CLEP Macro Economics

O demand the ability and willingness to buy a

Info iconThis preview shows pages 29–31. Sign up to view the full content.

View Full Document Right Arrow Icon
o Demand: The ability and willingness to buy a specific amount of a product at different prices during a certain time period. o Demand curve: A graph showing the amount of a product that buyers are willing and able to purchase at alternative prices during a certain time period. o Demand-pull inflation: An increase in product prices occurring when total spending exceeds the economy's ability to provide goods and services at existing prices. o Deposit creation: The creation of transaction deposits by simply crediting an individual's bank account. o Depreciation: In the production process, the consumption of capital through the wearing out of plants and equipment. o Discount rate: The interest rate private banks must pay for borrowing reserves from the Federal Reserve Bank. o Discounting: This refers to the Federal Reserve's lending of cash reserves to private banks. o Discouraged workers: Individuals who are not actively looking for jobs but would seek or accept positions if they were available. o Disposable income: Personal income after personal taxes available for personal consumption and savings. o Durable goods: Products that have a long life span, which means they are expected to last longer than three years. E o Economic force: The necessary reaction to the scarcity of valuable resources.
Background image of page 29

Info iconThis preview has intentionally blurred sections. Sign up to view the full version.

View Full Document Right Arrow Icon
o Economic growth: An increase in the amount of goods and services produced in an economy. o Economic model: Abstract framework for perceiving the real world, based on combinations of economic principles. o Economic perspective: A way of viewing the world which explains economic behavior and outcomes in terms of scarcity of resources and rational decision making based on a cost-benefit analysis. o Economic principle: Commonly agreed upon assumption about the economic world, based on accumulated results of cause-andeffect research. o Economic theory: Statement about cause-andeffect relationships derived from rigorous testing of hypotheses and generally accepted by most economists. o Economics: The study of how people use scarce resources. o Employee compensation: A factor of production used to calculate the gross domestic product using the income approach. o Employment Act of 1946: U.S. federal legislation committing the government to creating conditions in the economic market that enhance employment opportunities. o Employment rate: A statistic stated as a percentage representing the portion of the total population who are currently working. o Entrepreneurship: Using resources to produce new products and technologies or improvements on existing products and technologies. o Equilibrium: A state in the market economy in which dynamic pressures of supply and demand offset one another. o Equilibrium price: The price when there is no surplus or shortage; when quantity supplied and quantity demanded are in balance and equal. o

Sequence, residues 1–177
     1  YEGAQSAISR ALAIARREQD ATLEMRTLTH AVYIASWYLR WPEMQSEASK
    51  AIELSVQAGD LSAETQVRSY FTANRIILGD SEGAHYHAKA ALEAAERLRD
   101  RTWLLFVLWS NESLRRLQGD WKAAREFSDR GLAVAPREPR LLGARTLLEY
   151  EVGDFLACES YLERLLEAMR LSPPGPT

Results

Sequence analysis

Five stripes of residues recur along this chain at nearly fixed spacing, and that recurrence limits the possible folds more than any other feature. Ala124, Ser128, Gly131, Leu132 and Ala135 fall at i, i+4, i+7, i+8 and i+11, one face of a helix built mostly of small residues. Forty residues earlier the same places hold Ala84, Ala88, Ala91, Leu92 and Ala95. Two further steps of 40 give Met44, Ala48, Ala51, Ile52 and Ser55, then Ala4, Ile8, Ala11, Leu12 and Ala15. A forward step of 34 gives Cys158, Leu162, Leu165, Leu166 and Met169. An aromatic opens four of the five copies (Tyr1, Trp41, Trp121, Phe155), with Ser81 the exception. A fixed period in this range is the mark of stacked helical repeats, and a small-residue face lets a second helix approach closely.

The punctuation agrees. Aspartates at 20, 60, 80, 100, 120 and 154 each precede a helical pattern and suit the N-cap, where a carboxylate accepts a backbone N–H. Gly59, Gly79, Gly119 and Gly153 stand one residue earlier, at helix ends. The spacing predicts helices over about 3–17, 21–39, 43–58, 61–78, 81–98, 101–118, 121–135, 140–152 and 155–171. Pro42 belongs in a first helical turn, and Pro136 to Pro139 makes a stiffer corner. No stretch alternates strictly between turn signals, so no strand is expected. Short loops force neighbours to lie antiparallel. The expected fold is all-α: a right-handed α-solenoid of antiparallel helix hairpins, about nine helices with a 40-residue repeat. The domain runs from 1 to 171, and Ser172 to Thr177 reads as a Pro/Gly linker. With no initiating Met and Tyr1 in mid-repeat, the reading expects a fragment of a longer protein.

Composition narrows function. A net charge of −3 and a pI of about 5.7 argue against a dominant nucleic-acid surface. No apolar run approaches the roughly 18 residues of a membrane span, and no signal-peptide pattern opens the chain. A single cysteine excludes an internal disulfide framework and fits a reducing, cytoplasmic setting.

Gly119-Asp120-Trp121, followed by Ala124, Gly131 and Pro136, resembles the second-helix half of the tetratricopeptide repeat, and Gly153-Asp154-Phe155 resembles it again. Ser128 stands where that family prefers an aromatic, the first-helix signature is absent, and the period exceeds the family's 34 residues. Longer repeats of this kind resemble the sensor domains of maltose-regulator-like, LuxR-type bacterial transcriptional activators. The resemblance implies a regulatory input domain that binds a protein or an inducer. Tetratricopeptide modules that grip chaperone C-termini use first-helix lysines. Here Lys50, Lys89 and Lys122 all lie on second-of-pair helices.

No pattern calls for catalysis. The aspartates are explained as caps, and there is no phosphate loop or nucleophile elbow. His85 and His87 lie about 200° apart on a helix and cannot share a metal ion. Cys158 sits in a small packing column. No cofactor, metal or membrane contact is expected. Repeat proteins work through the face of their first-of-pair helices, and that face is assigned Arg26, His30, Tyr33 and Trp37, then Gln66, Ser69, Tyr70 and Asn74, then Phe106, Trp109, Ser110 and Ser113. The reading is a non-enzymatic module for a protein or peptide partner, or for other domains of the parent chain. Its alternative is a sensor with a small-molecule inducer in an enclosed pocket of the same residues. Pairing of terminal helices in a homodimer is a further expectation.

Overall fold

Background image of page 30
Image of page 31
This is the end of the preview. Sign up to access the rest of the document.

{[ snackBarMessage ]}

Page29 / 37

o Demand The ability and willingness to buy a specific...

This preview shows document pages 29 - 31. Sign up to view the full document.

View Full Document Right Arrow Icon
Ask a homework question - tutors are online